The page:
How’d you get in touch with MindWare? Did you shop around to a lot of publishers or did things just work out?

choice-words-cardsOnce I had the written content, I made a not-so-fancy prototype, and I met with some game agents in October 1997. I called the game “ROOTIMENTARY” – the game of common parlance, because the game is really a measure of what phrases we all use and accept as common terminology. While the agents did not like the name, (I soon changed it to “Offshoots”), they thought the game was terrific. They warned, however, that the game may be missing some plastic extruded gizmo or gadget that bigger manufacturers seem to like (since they are also toy makers as well). The agents presented the game to the several biggest names in the business at that time. This was spring 1998. The agents were unable to place the game, and then I shelved the idea for 14 ½ years.

We had played “Offshoots” at Thanksgiving with my extended family in 1997 and 1998. My wife and I then switched to spending Thanksgiving with her side of the family for many years. In 2012 we spent the holiday with my side again. Some of my relatives recalled the game and asked about it. I reported that I had given up on it.

At their urging, in 2013 I made some better prototypes and threw in a buzzer. A player may object to an answer (typically arguing the term or phrase is not common), and if a second player joins in the objection, then the answer is scratched immediately. There is no interminable arguing. The buzzer gave players the opportunity to reject answers by using the buzzer.

In November 2013, I attended ChiTag, an annual toy and game industry event in Chicago. MindWare invited me to send them a prototype, and within a few weeks they advised that they wanted to produce the game, but without the buzzer (as it should be). MindWare also preferred one of my alternate names “Choice Words” over “Offshoots.”

MindWare was my first choice for the game. They make Qwirkle, after all, which is a game my family loves. MindWare’s slogan is “brainy toys for kids of all ages,” and I think that Choice Words harnesses your brain power.

Incidentally, another game company had accepted a prototype, but they thought the magic of the game was in the buzzer (which they said was too expensive to include with the game). I think that they did not really “get it.” The magic is not in some gimmicky novelty item. The magic is in the stimulating and fun exercise involved in the game and then in measuring your performance against other players.

 

Choice Words is reminiscent of a lot of classic games like Scattegories. What makes Choice Words unique?

CHOICE WORDS is unique in that it features a 2-player objection rule. This ensures that arguments do not overstay their welcome. The game is well-paced. While typically there is debate over some answers, anytime 2 players object, then the answer is immediately scratched and it’s time to move on.

The acceptable answers are those acceptable to that particular group of players in that game. A player cannot leverage niche, technical knowledge. For each Scratch Play root word, there is a nucleus of acceptable answers for that particular group of players. For the word BAND, my peer group will accept the J. Geils Band, but my children will not.

CHOICE WORDS features root words that are basal, building blocks of our language. This means that the game gives wide berth for players’ creativity. Players are not stifled into providing answers that must fall into defined categories or that require answers to start with a particular letter.

Because there are no right or wrong answers, the game stays fresh. One hundred years ago we had BLUE ribbons and BLUE prints, but today we have BLUE tooth and BLUE ray. Earlier I had mentioned the Match Play example of CANDY___. In 1997 when I first conceived of the game, there was no such thing as “Candy Crush,” but now of course that is wildly popular and might be considered a very strong answer today.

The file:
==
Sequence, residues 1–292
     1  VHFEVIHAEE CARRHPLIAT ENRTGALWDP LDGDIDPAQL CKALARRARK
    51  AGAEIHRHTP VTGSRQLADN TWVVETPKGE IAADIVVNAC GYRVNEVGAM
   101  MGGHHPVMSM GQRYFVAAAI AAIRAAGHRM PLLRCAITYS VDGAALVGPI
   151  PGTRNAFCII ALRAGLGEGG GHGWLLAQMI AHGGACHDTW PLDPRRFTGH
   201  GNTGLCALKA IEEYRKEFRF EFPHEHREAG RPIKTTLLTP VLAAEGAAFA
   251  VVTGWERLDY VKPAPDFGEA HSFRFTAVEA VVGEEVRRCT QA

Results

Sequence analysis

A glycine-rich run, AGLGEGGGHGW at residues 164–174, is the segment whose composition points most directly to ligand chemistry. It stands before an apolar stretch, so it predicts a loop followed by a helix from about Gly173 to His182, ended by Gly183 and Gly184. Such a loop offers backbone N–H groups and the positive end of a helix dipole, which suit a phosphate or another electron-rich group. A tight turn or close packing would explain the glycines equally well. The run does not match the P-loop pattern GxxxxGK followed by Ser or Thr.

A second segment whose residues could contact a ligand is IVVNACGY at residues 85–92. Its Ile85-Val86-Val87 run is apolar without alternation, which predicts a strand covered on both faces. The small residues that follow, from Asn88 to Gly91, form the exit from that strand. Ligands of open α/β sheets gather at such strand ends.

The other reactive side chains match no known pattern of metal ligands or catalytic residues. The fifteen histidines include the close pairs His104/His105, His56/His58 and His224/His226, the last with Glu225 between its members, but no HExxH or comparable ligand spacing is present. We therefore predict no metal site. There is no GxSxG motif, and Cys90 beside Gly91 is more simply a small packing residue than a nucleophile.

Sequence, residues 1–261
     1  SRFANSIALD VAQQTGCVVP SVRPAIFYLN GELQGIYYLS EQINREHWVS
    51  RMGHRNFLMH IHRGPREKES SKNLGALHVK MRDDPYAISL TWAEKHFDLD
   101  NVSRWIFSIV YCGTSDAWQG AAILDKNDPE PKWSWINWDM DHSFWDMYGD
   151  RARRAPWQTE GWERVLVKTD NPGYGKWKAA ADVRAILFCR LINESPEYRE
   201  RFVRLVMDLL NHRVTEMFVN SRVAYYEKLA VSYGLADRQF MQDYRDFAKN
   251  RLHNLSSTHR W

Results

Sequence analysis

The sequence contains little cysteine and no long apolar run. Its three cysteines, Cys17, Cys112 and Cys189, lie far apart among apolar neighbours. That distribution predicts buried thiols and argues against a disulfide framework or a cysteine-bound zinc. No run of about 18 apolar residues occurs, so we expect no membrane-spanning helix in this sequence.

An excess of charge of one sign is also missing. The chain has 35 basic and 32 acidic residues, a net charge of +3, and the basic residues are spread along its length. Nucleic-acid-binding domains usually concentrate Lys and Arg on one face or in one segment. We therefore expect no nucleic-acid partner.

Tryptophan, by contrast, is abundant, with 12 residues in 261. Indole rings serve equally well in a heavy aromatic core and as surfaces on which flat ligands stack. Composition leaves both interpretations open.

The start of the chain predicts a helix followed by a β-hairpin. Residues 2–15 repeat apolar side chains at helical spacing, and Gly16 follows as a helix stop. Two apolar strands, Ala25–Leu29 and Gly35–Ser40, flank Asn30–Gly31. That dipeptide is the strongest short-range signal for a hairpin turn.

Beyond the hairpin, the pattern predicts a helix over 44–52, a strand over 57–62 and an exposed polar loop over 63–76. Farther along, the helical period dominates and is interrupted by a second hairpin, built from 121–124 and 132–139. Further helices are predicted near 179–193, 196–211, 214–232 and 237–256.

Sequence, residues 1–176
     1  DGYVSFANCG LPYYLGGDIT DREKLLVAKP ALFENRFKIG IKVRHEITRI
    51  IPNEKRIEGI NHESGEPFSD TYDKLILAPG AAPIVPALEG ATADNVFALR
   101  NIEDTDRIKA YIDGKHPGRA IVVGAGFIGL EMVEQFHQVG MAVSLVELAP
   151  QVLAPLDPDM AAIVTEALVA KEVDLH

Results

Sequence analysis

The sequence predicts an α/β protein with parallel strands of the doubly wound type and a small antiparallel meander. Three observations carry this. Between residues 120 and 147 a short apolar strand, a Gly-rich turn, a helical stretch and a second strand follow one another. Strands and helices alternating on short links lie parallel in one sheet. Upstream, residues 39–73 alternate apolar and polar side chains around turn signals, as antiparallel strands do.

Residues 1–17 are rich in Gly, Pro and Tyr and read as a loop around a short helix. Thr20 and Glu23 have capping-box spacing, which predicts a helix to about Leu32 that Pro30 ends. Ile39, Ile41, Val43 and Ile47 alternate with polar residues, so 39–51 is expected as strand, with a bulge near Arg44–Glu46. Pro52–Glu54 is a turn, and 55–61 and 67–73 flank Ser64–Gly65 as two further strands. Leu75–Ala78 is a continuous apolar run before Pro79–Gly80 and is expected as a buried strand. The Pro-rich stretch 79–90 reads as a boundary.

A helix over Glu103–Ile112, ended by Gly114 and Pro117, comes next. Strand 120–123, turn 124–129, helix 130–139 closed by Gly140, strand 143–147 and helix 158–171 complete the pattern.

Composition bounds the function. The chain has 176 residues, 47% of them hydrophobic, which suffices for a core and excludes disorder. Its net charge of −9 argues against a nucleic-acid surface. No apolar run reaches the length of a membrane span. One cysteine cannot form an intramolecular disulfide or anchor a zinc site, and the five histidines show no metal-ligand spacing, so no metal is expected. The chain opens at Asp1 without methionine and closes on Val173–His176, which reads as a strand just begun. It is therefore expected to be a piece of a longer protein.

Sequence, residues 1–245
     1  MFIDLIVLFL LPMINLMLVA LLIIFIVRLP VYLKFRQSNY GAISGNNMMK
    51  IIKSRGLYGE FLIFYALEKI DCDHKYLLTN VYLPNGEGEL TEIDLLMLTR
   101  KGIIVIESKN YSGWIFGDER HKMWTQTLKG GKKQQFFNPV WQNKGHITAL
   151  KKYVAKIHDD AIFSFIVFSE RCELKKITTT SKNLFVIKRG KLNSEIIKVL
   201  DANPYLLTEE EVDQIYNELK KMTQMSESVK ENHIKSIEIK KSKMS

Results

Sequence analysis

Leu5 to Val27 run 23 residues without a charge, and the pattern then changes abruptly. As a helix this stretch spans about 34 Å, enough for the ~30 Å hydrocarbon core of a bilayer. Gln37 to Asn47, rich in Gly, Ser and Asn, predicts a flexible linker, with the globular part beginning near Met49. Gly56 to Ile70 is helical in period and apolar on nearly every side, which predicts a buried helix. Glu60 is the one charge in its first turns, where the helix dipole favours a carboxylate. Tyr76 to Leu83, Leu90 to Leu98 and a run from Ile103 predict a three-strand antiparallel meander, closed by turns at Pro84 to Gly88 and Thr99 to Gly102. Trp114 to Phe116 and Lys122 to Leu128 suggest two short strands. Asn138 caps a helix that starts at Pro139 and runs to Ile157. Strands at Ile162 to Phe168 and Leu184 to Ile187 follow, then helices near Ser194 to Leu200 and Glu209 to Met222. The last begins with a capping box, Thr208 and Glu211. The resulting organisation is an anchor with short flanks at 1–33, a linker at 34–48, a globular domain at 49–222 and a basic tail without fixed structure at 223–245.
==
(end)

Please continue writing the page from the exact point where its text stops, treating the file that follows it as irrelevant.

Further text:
CHOICE WORDS features a knock-out mechanic for scoring, but that’s because it’s an intuitive scoring system that makes the most sense. If you have 10 answers, but I also have 8 of the same ones, then it’s simplest and best to count that as 2 to 0 in favor of you. Of course, the scoring mechanic is not the game itself.

 

One difficulty with selling party games is that it’s often easy to play with homemade components; I have friends that know Telestrations as the “notecard game” and Time’s Up! as the “fishbowl game”. What are players missing out on when they don’t experience the whole package of Choice Words as the published version?

CHOICE WORDS isn’t easily fashioned by the casual observer. The Scratch Play words have been carefully culled and pared down to the 200 most playable. This tedious and painstaking process involved not only a quantitative analysis but a qualitative one as well. Scratch Play does not work well with just any old word. It’s no fun to think and think and not come up with any answers. The pre-selection of the base root words ensures that they are prolific and support a large number of answers. In addition, the selection of the root words is based also on the quality of them in terms of producing interesting answers. The word TREE is not included because mostly it tends to generate a list of tree types (not very interesting), whereas the word STRING is in the game because the answers it generates are more interesting. A shoe string is a very different thing than a hamstring, and you would find a string quartet in a totally different part of town than where you would find a string bikini. So too, the Match Play words have been carefully selected and even placed on the cards in a particular way so that each card is designed to generate some matches. It’s no fun if everyone matches, and it’s no fun if no one matches. Care was also taken to ensure that each fill-in-the-blank stands on its own merit, meaning that no other word on the same card suggests answers to any other (or that’s the intent at least). WHITE___ and ___HOUSE do not appear on the same card, lest players simply answer “white house” for each.